Saturday, July 21, 2012

Vocabulary: The Basics


Vocabulary is the set of words a person is familiar with and able to use accurately in order to communicate effectively with others.  A person's oral vocabulary is generally much larger than their reading vocabulary.  This is obvious with young children who can effectively communicate verbally with others but cannot yet read. 

Research Findings

Vocabulary plays an essential role in reading comprehension.  A student might be able to decode and thus read a word, but without knowledge of what that word means, little understanding is produced.  Originally published in "Insights on Learning Disabilities," Joan Sedita's Effective Vocabulary Instruction highlights four groups who face "significant obstacles to developing sufficient vocabulary to be successful in school."  The four groups are:
  1. Students with limited or no knowledge of English
  2. Students who do not read outside of school
  3. Students with reading and learning disabilities
  4. Students who enter school with limited vocabulary knowledge
Each year students should increase their vocabularies by 2,000 - 3,000 words, and students who fall into one or more of the above categories are already at a disadvantage.  Students with strong vocabularies are able to increase the amount of words they can read and understand at a quicker rate than those with poor vocabularies.  This creates an ever increasing gap between students that effects not only vocabulary and communication but reading comprehension as well.  

Approaches to Instruction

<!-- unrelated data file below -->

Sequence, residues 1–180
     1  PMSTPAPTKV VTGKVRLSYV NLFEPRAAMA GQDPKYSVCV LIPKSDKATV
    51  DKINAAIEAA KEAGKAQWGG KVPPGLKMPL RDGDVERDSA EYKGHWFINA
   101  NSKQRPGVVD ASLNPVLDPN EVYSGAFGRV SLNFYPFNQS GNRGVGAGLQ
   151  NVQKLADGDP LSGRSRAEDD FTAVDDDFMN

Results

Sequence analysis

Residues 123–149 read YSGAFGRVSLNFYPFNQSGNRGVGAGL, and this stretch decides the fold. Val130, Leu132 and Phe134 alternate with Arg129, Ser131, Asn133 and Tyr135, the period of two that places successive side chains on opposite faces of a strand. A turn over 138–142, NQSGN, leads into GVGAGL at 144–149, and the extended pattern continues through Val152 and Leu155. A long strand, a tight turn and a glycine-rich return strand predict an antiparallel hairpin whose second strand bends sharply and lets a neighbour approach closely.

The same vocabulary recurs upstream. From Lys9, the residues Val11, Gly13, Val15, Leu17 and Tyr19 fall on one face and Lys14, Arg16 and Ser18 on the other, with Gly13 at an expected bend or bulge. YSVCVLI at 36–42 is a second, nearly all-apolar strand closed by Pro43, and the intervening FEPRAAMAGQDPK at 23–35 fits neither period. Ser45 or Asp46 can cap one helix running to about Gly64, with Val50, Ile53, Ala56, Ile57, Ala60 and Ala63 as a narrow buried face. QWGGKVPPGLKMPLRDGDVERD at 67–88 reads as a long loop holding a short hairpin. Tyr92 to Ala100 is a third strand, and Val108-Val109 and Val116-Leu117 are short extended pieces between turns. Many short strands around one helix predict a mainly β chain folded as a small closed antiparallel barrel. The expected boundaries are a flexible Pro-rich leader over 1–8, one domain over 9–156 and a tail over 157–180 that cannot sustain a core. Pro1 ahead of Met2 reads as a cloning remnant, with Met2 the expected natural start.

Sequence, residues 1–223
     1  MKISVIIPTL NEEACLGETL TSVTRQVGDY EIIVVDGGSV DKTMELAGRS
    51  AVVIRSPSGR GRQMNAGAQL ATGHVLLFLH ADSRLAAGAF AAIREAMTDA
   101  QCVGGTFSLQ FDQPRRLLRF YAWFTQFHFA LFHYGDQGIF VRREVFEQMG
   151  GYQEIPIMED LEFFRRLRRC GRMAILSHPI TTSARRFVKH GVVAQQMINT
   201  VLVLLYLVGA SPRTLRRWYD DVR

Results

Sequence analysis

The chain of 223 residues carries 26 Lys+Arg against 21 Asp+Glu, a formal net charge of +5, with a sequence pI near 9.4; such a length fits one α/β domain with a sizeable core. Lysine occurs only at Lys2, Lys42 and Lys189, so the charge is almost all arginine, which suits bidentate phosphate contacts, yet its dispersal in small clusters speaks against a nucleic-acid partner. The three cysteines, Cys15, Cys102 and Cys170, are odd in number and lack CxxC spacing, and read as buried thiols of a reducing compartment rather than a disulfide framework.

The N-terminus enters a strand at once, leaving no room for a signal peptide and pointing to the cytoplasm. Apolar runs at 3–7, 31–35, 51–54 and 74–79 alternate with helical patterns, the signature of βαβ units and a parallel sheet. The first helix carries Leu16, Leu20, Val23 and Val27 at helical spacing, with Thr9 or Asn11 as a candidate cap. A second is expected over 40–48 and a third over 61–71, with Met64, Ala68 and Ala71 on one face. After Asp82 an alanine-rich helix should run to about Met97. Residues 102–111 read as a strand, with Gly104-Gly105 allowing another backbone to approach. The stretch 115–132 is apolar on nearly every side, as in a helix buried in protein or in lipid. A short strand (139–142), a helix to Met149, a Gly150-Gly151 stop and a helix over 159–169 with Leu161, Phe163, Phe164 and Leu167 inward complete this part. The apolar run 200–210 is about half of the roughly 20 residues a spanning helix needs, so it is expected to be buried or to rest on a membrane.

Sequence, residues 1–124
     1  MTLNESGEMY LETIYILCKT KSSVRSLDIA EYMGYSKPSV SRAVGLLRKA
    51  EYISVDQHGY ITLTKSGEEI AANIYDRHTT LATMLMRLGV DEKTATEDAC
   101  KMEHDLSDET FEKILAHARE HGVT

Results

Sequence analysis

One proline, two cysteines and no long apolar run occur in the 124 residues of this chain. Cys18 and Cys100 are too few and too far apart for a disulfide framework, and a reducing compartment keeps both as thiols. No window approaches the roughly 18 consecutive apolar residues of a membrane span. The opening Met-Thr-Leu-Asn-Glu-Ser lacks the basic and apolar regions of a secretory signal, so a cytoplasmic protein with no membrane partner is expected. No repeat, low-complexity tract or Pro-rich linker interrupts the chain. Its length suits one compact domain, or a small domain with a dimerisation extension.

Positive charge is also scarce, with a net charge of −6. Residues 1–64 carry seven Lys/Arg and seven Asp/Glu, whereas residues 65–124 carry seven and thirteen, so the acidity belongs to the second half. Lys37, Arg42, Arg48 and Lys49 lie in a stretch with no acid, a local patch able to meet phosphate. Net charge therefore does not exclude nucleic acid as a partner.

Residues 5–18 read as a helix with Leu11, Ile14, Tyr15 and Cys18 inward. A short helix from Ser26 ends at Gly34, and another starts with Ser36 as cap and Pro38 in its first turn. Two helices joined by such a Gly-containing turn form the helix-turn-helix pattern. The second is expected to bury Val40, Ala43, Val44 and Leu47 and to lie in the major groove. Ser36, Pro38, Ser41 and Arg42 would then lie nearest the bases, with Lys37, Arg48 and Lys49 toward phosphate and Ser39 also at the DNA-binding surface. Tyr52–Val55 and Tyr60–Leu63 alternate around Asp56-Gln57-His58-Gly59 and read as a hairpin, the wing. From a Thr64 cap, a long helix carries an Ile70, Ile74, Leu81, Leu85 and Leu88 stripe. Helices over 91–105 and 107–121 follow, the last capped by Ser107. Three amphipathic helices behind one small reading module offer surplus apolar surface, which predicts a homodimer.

Like most areas of reading instruction, debate occurs over the best way to teach vocabulary.  In its study, the National Reading Panel concluded that "vocabulary should be taught both directly and indirectly.  It also noted that other important strategies include repetition, seeing the word multiple times, learning in context, incidental learning, and using technology.

The National Institute of Child Health & Human Development released a report on vocabulary instruction based on the NRP's findings.  A summary of their assessment of research-based instructional methods can be found below:

Explicit Instruction
Students are given definitions of words or examine word attributes like roots and affixes
Indirect Instruction
Students engage in reading and will develop meaning for words they do not know as they go
Multimedia Methods
Students use other resources like semantic mapping, graphic representations, various technologies, and even American Sign Language to go beyond just text
Capacity Methods
Through practice student make other reading activities (like decoding) automatic, so they have a larger capacity for concentrating on the meaning of words
Association Methods
Students draw connections between what they already know and words they do not know

Ultimately, the NRP concluded that it is important to use a variety of researched-based methods to help build large vocabularies for students.

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